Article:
The difference between the price categories is simple: The less you pay, the further in advance you have to reserve your spot in the club on any given night. According to Michael, rich men don't like to wait, so he thinks paying a little more will always be worth it to them. "Normal people," he says, aren’t allowed in. "They complain too much. I don’t want anyone in here who just sits in the corner all night drinking Coke and looking sour."

Michael’s mysterious events manager is in charge of hiring the women who'll be working in the club. A German tabloid recently published the size, age, weight, and personal requirements for all prospective female employees: They have to be taller than 5'7", under 35, no heavier than 130 pounds, and single.


According to Michael, these are just guidelines. "For example, I weigh more than 130 pounds," his associate offers. "The women here just need to be elegant," Michael adds, "and sexy."

The champagne room is located next to an oyster bar, which will also serve Kobe beef.

Recently, a model turned down an offer to work at the Contenance Club. "She didn’t want to work for $250 a night," says Michael, stunned. In his view, all women dream of owning expensive shoes and Gucci handbags, and the easiest way to get those is by securing a rich man. "Ninety percent of women prostitute themselves in one way or another," he explains to me.

However, he feels compelled to add that this isn't a sex club. "Look around you—there aren’t any beds here. We'll employ girls to spy on the others and make sure that no one offers themselves to the men. If they do, they’re fired. To be sure, we have a strict rule: Women here aren’t allowed to initiate conversation with the male guests. But, if I'm being honest, I don't think we should need it as a rule because a normal woman wouldn’t do that anyway." In return for staying mute unless spoken to, his female staff, Michael claims, is offered a safe working environment, where security will always be around to stop any members from getting too hands-on.

Michael’s favorite room is the Bavarian chamber. On a glass column stands a bust of Ludwig II of Bavaria—the "Mad King" who built the kitschy Neuschwanstein Castle in the 19th century. Michael says he isn’t bothered if people think his taste in interior design is harrowingly corny. "Two million people a year visit Neuschwanstein Castle," he counters. "Are they all assholes?"

The Contenance Club is no Neuschwanstein—it's mostly a cave filled with faux gold and glitter—but the comparison clearly plays on Michael's mind. "I'm a monarchist," he says, before describing the beauty of another of King Ludwig's castles, Schloss Herrenchiemsee, with its sunken tables, ropeways, and ornate ceiling decorations. "I’m also a dreamer, a madman," he proudly confesses.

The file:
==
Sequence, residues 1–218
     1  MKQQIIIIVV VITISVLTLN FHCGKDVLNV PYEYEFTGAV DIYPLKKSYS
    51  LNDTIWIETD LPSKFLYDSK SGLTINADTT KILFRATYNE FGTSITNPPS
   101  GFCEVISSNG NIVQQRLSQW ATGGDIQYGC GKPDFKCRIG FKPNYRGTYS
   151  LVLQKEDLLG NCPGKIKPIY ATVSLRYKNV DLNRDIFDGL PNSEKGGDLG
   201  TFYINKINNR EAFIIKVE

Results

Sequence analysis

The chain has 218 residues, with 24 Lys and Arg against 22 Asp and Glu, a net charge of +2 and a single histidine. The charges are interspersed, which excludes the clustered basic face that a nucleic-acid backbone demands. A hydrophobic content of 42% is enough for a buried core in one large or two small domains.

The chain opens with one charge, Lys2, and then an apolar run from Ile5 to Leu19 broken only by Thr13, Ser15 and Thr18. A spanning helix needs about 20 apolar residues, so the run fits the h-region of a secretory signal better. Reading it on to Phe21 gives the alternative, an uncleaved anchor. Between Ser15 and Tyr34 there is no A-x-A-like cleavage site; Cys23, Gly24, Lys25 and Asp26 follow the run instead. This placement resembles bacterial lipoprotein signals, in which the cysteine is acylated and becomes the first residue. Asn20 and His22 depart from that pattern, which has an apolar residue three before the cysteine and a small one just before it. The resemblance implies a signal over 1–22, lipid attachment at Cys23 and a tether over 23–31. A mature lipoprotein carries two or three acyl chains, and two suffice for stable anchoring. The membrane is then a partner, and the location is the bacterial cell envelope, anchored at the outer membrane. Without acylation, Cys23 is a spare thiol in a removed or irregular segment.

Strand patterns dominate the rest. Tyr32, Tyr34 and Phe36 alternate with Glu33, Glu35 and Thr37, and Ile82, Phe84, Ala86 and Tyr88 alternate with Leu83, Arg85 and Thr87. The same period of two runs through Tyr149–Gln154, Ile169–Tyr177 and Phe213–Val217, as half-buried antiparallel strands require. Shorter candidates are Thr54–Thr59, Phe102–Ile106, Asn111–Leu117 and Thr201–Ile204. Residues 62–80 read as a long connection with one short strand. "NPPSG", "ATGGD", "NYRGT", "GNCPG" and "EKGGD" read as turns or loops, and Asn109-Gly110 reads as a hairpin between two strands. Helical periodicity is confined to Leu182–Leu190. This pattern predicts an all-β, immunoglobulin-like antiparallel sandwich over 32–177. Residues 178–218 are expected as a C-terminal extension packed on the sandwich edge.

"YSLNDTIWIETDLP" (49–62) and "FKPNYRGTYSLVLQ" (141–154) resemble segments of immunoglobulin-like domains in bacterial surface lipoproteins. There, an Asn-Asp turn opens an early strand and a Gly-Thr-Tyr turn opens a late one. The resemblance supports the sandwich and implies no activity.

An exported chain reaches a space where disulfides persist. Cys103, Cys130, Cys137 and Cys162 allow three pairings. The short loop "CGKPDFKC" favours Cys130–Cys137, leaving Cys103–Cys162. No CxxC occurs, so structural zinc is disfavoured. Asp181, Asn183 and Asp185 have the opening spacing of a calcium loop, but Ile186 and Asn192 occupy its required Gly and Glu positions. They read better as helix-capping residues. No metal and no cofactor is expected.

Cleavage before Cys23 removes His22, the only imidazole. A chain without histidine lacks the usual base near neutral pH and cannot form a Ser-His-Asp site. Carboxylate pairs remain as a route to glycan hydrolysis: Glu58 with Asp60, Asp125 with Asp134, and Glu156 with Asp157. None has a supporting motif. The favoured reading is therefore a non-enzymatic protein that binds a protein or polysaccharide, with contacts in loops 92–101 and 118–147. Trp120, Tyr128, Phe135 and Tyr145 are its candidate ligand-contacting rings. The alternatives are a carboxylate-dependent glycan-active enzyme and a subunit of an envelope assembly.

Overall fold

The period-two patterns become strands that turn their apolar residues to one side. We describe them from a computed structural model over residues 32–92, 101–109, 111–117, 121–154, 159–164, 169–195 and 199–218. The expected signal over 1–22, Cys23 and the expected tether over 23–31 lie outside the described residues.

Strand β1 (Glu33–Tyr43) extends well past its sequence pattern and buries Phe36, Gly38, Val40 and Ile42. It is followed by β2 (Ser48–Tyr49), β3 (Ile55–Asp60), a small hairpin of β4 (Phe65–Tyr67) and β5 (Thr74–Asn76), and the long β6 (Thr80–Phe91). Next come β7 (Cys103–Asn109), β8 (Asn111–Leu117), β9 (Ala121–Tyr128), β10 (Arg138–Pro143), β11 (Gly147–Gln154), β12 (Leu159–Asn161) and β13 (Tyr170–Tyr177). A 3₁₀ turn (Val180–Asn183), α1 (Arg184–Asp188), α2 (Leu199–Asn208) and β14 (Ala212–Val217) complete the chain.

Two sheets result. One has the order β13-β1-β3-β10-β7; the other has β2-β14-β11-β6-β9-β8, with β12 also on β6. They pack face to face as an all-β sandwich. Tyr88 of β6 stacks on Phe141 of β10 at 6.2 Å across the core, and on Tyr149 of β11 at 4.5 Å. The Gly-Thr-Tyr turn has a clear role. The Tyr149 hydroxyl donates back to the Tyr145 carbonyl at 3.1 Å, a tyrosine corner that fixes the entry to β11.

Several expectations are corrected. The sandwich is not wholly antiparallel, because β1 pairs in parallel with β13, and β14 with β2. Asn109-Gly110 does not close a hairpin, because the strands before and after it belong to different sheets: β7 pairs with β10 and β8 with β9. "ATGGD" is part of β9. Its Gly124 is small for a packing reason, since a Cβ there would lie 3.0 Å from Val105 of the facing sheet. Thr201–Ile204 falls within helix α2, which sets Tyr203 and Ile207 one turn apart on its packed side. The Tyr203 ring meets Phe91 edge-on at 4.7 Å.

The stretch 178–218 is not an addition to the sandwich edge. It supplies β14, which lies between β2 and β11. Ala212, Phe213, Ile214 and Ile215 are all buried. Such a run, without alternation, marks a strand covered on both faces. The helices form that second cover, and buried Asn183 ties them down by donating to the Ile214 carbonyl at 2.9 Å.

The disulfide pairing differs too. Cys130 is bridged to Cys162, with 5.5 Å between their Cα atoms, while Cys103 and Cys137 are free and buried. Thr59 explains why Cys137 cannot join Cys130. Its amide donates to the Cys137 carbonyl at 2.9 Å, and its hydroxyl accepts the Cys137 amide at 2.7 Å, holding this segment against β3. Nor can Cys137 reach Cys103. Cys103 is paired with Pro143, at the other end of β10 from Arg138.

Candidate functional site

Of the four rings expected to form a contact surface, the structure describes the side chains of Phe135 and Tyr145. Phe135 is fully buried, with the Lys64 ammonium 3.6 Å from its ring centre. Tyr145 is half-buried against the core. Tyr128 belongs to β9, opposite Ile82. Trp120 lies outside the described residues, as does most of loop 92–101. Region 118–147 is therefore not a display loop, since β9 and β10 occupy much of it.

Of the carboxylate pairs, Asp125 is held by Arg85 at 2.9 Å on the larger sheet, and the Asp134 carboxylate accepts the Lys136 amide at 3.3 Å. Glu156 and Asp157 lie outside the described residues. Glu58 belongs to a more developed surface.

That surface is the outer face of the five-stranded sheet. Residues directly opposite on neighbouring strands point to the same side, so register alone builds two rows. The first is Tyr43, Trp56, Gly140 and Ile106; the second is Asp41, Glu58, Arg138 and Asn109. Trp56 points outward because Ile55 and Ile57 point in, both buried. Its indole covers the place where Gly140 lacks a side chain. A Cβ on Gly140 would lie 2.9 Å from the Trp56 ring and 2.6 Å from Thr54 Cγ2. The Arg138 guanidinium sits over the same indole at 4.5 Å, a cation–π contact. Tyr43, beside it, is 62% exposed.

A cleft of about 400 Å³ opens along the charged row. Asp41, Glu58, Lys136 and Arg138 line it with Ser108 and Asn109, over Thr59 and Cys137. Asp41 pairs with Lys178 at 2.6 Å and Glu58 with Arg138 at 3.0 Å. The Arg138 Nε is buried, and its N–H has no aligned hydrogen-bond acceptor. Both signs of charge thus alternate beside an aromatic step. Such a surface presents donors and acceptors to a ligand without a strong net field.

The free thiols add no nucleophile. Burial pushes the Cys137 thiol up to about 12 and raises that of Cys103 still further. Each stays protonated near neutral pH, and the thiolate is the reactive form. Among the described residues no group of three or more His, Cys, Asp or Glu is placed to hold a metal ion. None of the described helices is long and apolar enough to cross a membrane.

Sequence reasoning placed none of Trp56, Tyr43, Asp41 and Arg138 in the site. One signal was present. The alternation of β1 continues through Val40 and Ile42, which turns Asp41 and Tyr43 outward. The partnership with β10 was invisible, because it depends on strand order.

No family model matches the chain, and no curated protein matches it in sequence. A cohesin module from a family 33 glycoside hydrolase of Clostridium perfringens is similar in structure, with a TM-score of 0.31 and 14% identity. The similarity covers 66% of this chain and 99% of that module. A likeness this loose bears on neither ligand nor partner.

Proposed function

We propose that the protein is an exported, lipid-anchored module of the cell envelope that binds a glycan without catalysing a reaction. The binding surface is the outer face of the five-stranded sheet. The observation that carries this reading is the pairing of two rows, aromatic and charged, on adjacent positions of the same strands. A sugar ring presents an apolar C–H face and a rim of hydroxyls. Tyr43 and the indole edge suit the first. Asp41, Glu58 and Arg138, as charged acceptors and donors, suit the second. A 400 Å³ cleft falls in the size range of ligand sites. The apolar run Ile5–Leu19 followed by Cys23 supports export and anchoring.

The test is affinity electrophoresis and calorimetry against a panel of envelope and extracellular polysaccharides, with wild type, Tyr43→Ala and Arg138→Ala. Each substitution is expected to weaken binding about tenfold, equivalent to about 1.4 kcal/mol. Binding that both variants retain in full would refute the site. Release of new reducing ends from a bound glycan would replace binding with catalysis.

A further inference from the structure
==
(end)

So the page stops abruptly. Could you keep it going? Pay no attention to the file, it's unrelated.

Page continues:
He flicks some music on—"Also Sprach Zarathustra," by Richard Strauss. Zarathustra was a sixth-century Iranian philosopher, who, according to Nietzsche, descended from a mountain to teach people that there were higher goals worth striving for.

Next up is Andrea Bocelli. Michael starts singing along—his arms raised like he's performing for a crowd, even though it's just his events manager and me. Soon, he's no longer singing, just randomly screaming to the music. I ask what's wrong. "Honestly, I just like messing around with people," he says. "I want people around me to feel like anything could happen at any moment."

In the Bavarian room stands a bust of Michael's idol, the "Mad King" Ludwig II.

Looking around, it's clear that Michael wants to associate himself with the beautiful, the exclusive, and the glamorous—but he mostly seems to have missed the point. The place feels like it's set in this bygone era when men with his worldview were never challenged and women were objects to open the door for, but not take seriously enough to engage in actual conversation with.

Recently, Michael made an Instagram account. "It's full of half-naked women taking selfies," he says, scoffing. "But if a man were to approach these women on the street and invite them back to his or give them a compliment, they'd say, 'I'm not that sort of girl.'" In a world where women have confusing things like "sexual agency," the Contenance Club is clearly his sanctuary.

Michael has turned the music off. He's suddenly in a hurry—another journalist is here to take pictures of the "most secretive place in Munich." He walks me back up to the parking lot. I ask if he's confident that the whole thing is going to work. "Of course," he says. "But either way, we're going to have some fun."